As I reflect back on my formerly close friendships with devotees (especially X and Y), I can see more clearly the highly manipulative nature of thier behavior, and the inevitably painful outcome of having any significant personal contact with such people. It is still a mystery to me why attention from such people would initially have the effect of wiping away my feelings of dissatisfaction with work and with other aspects of my life, but I suppose that that might be the attraction of such things as heroin as well, and heroin clearly puts one on a downward spiral eventually. I have noticed that such people seek to separate their friends (or lovers) from their pre-existing social support networks, and to increase their emotional dependence on themselves (by creating enticingly mysterious private frames of reference for shared experiences, no matter how trivial those experiences may actually be in themselves), and then--once their mark has become sufficiently vulnerable--BAM!, they project the depths of their self-loathing onto their "loved ones," now that these "loved ones" have so few places to turn for healing and for the restoration of some kind of sanity and common sense to their lives. It is as if these people set themselves up to be small-time gurus or cult leaders, which may be in part why they are attracted to environments in which they may hope to learn further ways in which to practice their "craft," as well as easy marks on which to prey.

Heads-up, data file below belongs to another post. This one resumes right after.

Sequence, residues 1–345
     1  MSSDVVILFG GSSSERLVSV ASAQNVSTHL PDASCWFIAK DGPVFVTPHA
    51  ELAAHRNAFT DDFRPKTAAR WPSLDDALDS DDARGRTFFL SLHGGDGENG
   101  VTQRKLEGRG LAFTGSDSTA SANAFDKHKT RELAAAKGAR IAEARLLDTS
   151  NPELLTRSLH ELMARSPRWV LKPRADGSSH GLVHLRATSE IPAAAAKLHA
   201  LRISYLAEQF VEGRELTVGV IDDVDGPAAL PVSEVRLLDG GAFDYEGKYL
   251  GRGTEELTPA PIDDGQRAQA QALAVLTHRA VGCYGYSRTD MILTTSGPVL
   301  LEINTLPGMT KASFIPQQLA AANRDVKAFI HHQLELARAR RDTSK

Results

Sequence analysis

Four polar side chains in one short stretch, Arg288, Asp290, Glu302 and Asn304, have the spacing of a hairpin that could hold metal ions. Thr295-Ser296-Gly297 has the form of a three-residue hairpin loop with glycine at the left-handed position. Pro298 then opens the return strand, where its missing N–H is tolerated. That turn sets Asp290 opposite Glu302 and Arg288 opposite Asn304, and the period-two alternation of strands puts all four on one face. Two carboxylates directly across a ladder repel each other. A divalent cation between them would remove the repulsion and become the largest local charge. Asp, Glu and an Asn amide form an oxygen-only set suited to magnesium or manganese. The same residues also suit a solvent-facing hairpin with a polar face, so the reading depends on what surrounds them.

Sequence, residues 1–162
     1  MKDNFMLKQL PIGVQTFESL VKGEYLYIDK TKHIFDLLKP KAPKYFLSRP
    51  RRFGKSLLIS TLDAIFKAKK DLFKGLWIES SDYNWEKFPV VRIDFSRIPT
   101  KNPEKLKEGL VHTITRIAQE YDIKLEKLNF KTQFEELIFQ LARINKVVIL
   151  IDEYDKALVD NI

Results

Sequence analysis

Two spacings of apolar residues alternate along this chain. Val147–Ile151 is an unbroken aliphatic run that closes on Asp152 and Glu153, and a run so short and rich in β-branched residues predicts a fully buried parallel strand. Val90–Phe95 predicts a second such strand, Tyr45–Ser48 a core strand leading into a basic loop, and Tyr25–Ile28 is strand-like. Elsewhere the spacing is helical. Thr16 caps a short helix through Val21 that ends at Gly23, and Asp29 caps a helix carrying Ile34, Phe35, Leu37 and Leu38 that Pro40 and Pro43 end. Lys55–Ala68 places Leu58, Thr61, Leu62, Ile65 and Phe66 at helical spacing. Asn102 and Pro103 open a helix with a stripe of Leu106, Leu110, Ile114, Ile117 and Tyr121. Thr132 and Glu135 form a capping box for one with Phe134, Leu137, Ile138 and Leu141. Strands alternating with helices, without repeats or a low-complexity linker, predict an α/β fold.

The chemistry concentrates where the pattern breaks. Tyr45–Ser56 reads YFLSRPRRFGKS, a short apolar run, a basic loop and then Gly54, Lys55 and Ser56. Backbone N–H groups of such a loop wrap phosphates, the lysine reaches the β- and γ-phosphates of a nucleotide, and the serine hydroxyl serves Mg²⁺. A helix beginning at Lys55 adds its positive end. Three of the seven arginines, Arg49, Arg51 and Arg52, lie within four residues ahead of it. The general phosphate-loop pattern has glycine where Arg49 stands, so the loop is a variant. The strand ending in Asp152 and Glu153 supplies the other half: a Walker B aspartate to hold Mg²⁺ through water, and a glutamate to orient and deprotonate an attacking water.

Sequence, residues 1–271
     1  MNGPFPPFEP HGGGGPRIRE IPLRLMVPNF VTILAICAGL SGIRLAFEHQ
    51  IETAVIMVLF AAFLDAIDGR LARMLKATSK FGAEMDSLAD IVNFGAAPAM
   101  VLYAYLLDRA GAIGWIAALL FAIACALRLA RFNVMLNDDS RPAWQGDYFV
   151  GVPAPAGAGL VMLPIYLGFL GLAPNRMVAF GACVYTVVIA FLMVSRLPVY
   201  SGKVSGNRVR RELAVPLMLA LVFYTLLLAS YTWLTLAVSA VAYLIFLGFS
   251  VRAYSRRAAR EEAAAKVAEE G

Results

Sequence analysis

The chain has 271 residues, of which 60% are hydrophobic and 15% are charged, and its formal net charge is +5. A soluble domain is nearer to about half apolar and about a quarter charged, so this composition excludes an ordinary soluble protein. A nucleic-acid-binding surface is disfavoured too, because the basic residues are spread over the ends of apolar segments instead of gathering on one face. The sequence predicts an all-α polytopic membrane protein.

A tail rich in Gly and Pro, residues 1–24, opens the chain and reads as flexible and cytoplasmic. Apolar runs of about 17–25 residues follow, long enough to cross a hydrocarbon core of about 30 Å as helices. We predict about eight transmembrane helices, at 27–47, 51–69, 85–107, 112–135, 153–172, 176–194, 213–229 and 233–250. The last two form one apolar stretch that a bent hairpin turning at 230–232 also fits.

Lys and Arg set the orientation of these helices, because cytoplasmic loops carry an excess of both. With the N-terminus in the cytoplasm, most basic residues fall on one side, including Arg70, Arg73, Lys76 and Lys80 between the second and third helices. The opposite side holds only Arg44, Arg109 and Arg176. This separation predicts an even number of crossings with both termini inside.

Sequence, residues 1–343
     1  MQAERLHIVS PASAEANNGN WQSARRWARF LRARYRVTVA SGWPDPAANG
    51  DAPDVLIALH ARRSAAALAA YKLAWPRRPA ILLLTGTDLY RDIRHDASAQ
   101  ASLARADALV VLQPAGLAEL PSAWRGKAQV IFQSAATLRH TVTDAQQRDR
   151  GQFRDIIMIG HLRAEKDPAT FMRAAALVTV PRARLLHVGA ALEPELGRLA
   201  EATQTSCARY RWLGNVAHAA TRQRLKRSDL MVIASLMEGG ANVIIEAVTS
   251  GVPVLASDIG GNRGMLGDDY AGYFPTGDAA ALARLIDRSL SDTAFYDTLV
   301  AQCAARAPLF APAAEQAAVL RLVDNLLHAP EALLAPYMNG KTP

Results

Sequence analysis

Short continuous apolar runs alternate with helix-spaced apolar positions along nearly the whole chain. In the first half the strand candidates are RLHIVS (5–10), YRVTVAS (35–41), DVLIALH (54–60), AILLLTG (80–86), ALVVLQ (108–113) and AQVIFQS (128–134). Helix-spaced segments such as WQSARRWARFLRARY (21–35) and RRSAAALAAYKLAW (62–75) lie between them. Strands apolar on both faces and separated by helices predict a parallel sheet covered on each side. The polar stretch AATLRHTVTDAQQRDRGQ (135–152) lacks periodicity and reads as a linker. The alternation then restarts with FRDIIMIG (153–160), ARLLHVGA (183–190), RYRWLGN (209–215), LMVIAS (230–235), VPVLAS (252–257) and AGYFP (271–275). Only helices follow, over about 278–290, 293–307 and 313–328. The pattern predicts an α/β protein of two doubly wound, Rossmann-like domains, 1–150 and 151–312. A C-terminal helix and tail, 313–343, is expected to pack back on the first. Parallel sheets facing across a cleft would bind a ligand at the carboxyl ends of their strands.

People on the Examma list have asked others when the turning point came for them when they realized that things were not as they hoped they would become, or when red flags started revealing themselves. For me, despite the ups and downs I had had with formerly "close friends" among the devotees, I think that my mother's death was a significant turning point for me. During the final stages of my mother's illness, a number of people in the satsang (including Y, on occasion), said and did some of the "right things." Following my mother's death and funeral, however, the starkness of the experience began to open my eyes a bit more. I noticed that the satsang seemed to have a status quo to which it clung, and in the early stages of my grief I began to feel invisible or even shunned (by Y in particular), evidently because I wasn't exhibiting the demeanor that others wanted to see. I also began to notice, following my mother's death, both in the Amma organization and at work, that when others appeared to be playing on my vulnerability, my rage would flare up with an intensity that I probably hadn't experienced since I was a child or adolescent. In any event, while trying to remain faithful and loyal to the idea of being an Amma devotee and an active satsang member, there were times when I came home from satsang feeling profoundly hurt and disappointed, and feeling that I probably would have felt much better if I had stayed home in my familiar surroundings, spent time eating at home with my partner and/or with his friends or family, and doing my spiritual practices at home. Another turning point came for me when, after having declared the need for a "hiatus" from satsang, I returned and had a private conversation with the satsang leader and her husband. When I referred to the behavior of X and Y as contributing factors to my dissatisfaction with my experience of the Amma organization, it was as if I simply wasn't being heard. I also recalled how the satsang leader had badmouthed rock/pop/ambient musician David Sylvian (a former Amma devotee) and sided completely with his ex-wife with respect to their divorce. I, on the other hand, have found Sylvian's music to be a helpful guide in imagining myself both inside and outside of the org. I think his work has had a positive impact on my ability to let go of some of the supposedly "special" nature of active involvement in the org, and to rebuild my connections with other aspects of my work and personal life. Most recently, on my last visit to satsang (several months ago), the satsang leader's brother-in-law informed me that "people" (nameless, of course) had been asking if I had been coming to satsang regularly, and he told them that he assumed that I simply hadn't been as interested in coming. My whereabouts and priorities are none of their goddamnfucking business!!! That's just not right: who says we're not in a cult?!